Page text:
Guess it was better than my friend who landed in a tree the same day! Cost him beer.


airtwardo  (D License)

Dec 5, 2003, 9:53 AM
Post #191 of 1474 (12951 views)
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Re: [steve1] Scary stories from the old days? [In reply to] Can't Post

In another forum:
Someone was asking who carries a hook knife,
and if they've ever used one...

My answer fits better here than there! Wink



I always have at least one on every jump...

Usually I have one of those junk plastic two-finger jobs attached to the Velcro on my wrist altimeter,
and a 'Jack the Ripper' in a sewn pocket mid thigh.

I've used a knife twice...
Once to cut some lines over on a square reserve...
I cut 3-4 lines and got most of the spin stopped before smacking the ground 5 feet from the water at Elsinore.

A bit scary...but! Unsure

The first time was back in the mid 70's...
I was 19 and jump mastering a student load out of a 182...

I had a student in tow.

He was slowing spinning at the end of the static line
and was not showing any signs of consciousness.

Back then, procedure was...
If the student were conscious and aware,
they were to put both hands on their helmet
signaling to the jump master that they were 'ready'.

The jump master was then supposed to cut the
static line and the student would pull the handle
on the front mounted reserve. Cool

But...
If the student was 'out'...
The jump master was supposed to use the carabiner
we all carried on the main lift web, to attach himself
to the static line...
then slide down it to the student in peril.
Grasping the students reserve handle
you then cut the static line and deployed the
incapacitated jumpers reserve.

This "John Wayne" fantasy script was actually in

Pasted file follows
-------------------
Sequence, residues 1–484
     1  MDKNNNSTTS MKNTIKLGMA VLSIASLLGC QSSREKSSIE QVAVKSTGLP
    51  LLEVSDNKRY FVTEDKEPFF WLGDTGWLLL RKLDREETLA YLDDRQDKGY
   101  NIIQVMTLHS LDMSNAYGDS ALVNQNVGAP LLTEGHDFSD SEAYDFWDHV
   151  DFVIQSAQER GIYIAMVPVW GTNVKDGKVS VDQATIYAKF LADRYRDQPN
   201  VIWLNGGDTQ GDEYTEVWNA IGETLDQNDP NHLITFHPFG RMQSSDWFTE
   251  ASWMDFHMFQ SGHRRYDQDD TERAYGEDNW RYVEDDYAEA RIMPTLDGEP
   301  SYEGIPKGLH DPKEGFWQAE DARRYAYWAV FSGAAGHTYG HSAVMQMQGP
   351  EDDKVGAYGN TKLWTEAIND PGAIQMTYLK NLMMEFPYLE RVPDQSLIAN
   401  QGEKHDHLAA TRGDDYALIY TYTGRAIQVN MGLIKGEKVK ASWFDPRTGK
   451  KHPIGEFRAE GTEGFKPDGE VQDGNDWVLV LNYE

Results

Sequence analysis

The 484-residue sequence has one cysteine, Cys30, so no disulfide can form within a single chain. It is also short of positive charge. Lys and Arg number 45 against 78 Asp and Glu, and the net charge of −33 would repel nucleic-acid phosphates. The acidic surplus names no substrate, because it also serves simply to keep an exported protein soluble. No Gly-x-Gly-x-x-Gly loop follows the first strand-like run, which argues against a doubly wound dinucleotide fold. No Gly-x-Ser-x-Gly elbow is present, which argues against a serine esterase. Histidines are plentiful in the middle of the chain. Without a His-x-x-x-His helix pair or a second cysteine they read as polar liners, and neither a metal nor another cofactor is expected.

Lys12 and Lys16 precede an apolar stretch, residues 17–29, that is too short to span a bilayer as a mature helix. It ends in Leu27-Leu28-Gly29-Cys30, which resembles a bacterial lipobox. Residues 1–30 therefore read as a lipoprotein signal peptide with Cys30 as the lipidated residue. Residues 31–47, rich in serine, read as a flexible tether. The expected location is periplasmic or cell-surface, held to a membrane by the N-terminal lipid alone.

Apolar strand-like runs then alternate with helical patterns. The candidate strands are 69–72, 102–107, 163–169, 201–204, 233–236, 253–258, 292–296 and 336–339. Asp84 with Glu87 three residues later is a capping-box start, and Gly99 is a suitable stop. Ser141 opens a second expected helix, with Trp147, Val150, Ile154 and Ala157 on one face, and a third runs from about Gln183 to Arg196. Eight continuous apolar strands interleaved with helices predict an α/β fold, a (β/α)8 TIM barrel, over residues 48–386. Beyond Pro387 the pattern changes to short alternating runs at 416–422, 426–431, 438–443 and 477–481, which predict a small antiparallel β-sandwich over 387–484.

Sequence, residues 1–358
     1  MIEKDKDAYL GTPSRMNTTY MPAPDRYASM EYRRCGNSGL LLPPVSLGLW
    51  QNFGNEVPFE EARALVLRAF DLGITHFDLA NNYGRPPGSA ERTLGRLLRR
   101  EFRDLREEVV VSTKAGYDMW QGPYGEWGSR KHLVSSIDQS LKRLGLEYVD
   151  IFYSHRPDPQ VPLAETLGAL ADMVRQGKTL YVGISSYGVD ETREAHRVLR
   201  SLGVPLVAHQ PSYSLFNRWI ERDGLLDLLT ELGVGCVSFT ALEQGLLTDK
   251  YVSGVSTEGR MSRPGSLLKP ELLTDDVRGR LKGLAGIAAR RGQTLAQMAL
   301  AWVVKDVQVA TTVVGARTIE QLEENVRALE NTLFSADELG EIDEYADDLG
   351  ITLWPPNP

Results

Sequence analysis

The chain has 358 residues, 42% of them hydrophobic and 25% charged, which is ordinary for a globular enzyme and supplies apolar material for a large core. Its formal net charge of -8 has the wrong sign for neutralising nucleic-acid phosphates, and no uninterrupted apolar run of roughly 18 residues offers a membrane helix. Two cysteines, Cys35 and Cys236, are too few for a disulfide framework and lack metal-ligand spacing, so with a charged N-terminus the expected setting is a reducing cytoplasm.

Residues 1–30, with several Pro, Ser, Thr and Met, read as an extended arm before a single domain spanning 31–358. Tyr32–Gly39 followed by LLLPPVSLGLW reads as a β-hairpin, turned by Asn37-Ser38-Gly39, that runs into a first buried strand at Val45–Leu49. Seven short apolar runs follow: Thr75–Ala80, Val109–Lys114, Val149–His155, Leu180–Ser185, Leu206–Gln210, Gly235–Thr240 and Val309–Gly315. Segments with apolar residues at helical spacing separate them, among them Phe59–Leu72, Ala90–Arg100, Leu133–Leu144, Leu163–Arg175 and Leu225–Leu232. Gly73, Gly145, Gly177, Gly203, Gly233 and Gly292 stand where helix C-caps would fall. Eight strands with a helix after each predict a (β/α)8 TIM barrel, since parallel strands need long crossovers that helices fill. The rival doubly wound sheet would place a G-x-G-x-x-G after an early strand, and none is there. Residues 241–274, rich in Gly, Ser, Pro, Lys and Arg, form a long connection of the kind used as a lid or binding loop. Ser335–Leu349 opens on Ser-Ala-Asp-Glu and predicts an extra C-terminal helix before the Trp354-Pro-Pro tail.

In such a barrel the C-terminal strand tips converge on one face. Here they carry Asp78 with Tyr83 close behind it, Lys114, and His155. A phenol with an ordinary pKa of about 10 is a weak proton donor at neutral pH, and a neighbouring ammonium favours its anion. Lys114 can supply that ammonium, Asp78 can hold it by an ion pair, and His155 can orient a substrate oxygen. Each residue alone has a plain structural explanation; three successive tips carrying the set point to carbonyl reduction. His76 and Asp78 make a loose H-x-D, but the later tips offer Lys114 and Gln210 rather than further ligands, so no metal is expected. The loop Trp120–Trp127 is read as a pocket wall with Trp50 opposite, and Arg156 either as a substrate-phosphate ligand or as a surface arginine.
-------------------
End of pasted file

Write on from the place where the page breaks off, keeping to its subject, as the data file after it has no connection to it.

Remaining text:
The Jump Masters Handbook! Smile
Who ever wrote this wet dream had obviously never
tried to do it because when I did...
there were a few 'problems' involved. Frown

(Another 'No Shit...' story) Angelic

First...
The student is not only a heavy weight on the
end of a rope, but there is air speed drag involved too...
pulling that static line extremely tight across the floor
and around the corner, down the fuselage.
Rather difficult to 'clip' on it, I contortion myself half
on the step, half in the plane,
...bloodying my fingers until finally getting attached.

Then...
I'm sliding ass over earlobes down the static line
smashing face first into the still spinning student.
Our bodies are 180 degrees out of alignment,
both of us facing away from the relative wind,
both slowly pin wheeling, winding the static line up
'rubber band' like.
I can't reach his reserve handle in this position
and looking down during the rotations,
I can see that we're descending,
no doubt from all the drag we both are now causing.

Followed by...
At this point self preservation mode kicks in...
I figure he's a gonner 'cause we're out of options and
using all the strength I have left to push myself away somewhat from him,
trying to get a clear swipe at the yellow rope
and be sure I don't get any of my harness with the blade,
...I feel this...
KaaSnappp...and he's gone!Smile

I guess the combination of my pushing off in terror,
and the ever tightening winding static line...
broke what ever was holding the container closed.

Finally...
As I watched the sleeve come off his back,
and lines unstow...
I feel this "Boink" and get a sharp snap through my body.

"Summptin' ain't right here..."Unimpressed

The student's gone, O.D. Green T-10 catching air...
and I'm sill swinging like Tarzan behind the 182!
There is a bunch of white material slapping my boots...
and this M-A1 Pilot Chute in my crotch!

Since I had a blue "Hot Dog" Pilot Chute on my main,
I figured somehow I'd popped and shredded my reserve!


Time really does slow down in these situations and I was thinking remarkably clear considering...Blush

I figured at this point, one of two things could happen.
I cut the static line and go for the main,
hoping it clears the remnants of my 23 foot
Tri-Con Reserve.
..which obviously I can't 'release' and,
I'm getting too low to hack at with the hook knife,
that I suddenly realized is still firmly clutched
in my teeth... where I put it while back on the plane's step when this adventure started.

Or..

I can land / crash with the plane,
and hope getting dragged at high speed down
the grass strip doesn't kill me. Pirate

We're in a right hand descending turn right over the
' Peas' , low enough that I can see the guys all looking up
and pointing.
..some moving vehicles away to give the pilot
all the room possible to bring it in.

"Screw IT!" Tongue

And I cut the static line.
..dropping my knife and nailing the main rip cord with both hands.
..closing my eyes as I flipped / cart wheeled away.